For more information on what is needed for proper force measurement uncertainty budgets, there is a detailed guidance document published by A2LA G126 - Guidance on Uncertainty Budgets for Force Measuring Devices. The 21-page document further explains definitions, terms, and requirements to complete a full uncertainty budget. Morehouse has an uncertainty template in Microsoft Excel to help any calibration laboratory that needs to meet the ISO/IEC 17025 requirements and set up their budget. The file can be downloaded at measurementuncertainty.info
Morehouse Measurement Expanded Uncertainty Calculations on the primary Certificate of Calibration
On our Certificate of Calibration for ASTM E74 calibrations, Morehouse states the following "The Expanded Uncertainty is the aggregate uncertainty of the Morehouse measurement process, which includes the uncertainty of the reference standards used for calibration and the resolution. It is stated with a coverage factor of k=2, such that the confidence interval corresponds to approximately 95 %."
When Morehouse reports the Expanded Uncertainty, we use the formula uc² = uw² + ures² + uv² for the combined standard uncertainty where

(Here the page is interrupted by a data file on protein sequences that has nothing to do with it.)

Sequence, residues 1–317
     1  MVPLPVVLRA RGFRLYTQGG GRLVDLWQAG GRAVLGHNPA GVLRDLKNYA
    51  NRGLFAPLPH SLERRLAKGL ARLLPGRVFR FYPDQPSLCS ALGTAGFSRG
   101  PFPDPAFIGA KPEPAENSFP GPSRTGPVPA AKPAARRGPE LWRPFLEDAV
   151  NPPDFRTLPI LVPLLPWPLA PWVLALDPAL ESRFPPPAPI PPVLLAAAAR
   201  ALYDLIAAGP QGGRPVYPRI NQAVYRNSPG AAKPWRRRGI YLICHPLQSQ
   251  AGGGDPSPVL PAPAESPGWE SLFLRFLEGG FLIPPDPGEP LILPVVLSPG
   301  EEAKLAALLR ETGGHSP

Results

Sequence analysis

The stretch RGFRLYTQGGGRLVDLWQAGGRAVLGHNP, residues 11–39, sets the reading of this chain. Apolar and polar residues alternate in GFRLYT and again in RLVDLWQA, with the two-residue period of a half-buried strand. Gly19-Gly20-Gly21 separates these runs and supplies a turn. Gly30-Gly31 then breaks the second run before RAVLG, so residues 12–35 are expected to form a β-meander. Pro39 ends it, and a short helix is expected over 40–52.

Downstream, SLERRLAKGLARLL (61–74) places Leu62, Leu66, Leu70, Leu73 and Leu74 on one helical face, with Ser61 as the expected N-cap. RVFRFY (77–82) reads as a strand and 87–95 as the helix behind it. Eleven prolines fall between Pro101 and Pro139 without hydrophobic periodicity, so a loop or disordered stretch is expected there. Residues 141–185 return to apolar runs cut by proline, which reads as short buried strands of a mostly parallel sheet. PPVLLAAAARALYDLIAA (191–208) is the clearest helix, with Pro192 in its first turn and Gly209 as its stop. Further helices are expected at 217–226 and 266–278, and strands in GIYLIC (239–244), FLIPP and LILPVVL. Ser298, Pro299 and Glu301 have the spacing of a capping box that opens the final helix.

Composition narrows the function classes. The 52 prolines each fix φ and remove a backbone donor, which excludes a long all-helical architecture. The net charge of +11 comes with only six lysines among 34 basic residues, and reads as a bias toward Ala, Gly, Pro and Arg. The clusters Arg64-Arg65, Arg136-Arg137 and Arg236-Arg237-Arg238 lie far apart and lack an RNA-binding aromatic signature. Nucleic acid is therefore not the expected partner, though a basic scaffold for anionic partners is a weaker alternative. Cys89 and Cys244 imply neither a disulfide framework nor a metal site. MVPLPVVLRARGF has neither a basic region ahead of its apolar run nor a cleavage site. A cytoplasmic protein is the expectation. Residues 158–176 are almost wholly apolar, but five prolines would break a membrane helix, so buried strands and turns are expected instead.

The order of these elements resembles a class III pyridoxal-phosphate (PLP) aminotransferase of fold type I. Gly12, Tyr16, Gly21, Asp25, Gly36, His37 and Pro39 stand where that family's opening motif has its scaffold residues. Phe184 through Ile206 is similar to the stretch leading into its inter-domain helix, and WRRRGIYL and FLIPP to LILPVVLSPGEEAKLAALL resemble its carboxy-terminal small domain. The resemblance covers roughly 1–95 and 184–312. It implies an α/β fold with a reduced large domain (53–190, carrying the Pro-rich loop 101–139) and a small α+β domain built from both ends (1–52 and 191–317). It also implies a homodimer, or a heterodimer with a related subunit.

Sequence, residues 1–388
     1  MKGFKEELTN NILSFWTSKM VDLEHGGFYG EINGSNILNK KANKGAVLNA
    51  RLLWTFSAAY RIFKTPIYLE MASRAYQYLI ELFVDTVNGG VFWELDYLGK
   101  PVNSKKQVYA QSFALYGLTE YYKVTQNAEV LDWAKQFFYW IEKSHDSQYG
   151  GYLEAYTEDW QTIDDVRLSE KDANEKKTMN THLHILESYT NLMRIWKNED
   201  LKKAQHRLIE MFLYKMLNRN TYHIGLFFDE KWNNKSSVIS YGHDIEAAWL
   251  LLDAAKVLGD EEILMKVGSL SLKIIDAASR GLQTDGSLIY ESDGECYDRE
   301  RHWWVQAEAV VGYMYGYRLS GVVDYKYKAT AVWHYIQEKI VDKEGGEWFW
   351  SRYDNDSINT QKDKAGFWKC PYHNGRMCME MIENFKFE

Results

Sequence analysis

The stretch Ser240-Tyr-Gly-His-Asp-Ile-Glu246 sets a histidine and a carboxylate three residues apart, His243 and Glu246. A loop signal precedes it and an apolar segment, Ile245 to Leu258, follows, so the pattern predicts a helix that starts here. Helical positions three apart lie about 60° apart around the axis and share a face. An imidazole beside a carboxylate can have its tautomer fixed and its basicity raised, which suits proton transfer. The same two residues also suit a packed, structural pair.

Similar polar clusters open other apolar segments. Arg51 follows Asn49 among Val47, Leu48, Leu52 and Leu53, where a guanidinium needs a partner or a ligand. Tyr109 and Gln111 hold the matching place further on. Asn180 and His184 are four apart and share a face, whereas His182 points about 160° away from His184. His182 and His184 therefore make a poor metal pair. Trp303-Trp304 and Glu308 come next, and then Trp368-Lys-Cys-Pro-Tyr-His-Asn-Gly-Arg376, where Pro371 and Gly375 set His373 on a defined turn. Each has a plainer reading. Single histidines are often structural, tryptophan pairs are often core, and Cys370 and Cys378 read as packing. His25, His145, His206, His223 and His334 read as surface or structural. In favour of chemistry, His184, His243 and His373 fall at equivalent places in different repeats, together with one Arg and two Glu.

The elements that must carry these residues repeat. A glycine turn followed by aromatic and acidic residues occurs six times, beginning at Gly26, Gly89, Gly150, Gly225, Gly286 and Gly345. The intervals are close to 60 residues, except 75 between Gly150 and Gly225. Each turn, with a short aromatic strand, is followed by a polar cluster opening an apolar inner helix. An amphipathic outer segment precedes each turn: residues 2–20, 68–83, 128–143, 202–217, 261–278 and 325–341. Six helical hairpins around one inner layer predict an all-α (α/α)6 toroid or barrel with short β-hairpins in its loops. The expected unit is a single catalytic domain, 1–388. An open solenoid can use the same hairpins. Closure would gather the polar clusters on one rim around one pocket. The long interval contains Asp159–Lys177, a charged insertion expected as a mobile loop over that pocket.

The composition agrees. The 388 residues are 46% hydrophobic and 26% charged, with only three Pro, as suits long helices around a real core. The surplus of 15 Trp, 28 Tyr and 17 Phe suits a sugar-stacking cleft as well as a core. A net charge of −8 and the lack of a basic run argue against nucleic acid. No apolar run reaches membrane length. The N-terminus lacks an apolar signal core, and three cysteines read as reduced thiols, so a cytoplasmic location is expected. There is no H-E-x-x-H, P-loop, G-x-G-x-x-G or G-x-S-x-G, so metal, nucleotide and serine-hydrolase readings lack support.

uw is the maximum standard Uncertainty for the Calibration and Measurement Capability (CMC) of the force devices used for calibration.
For deadweights, uw represent the estimated standard deviation in the forces applied by the deadweight standards due to the uncertainties in the determination of the mass, air density, and gravitational acceleration and includes contributions from the measurement process such as repeatability studies, the resolution of the best existing device, and environmental factors. For transfer standards, the CMC includes the uncertainties from NIST calibrations, reference standard uncertainty, repeatability studies, stability of the reference standard, resolution of the reference, and the best existing device, environmental factors, and other error sources associated with the Morehouse calibrating machines and measurement process
ures is the resolution of the force measuring system at the time of calibration.
uv is the standard uncertainty in the calibration of the voltage-ratio measurement instrumentation used at Morehouse. This term is 0 for an indicator that is supplied with the transducer to be calibrated together as a system.